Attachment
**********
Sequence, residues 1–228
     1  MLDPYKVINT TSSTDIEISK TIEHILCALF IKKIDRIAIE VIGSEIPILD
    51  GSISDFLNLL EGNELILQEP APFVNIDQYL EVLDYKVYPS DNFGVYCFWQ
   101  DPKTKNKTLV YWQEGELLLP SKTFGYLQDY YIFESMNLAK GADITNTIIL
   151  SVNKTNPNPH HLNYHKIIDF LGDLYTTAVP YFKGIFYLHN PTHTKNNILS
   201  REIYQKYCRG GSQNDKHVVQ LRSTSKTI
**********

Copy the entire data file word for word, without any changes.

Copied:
Sequence, residues 1–228
     1  MLDPYKVINT TSSTDIEISK TIEHILCALF IKKIDRIAIE VIGSEIPILD
    51  GSISDFLNLL EGNELILQEP APFVNIDQYL EVLDYKVYPS DNFGVYCFWQ
   101  DPKTKNKTLV YWQEGELLLP SKTFGYLQDY YIFESMNLAK GADITNTIIL
   151  SVNKTNPNPH HLNYHKIIDF LGDLYTTAVP YFKGIFYLHN PTHTKNNILS
   201  REIYQKYCRG GSQNDKHVVQ LRSTSKTI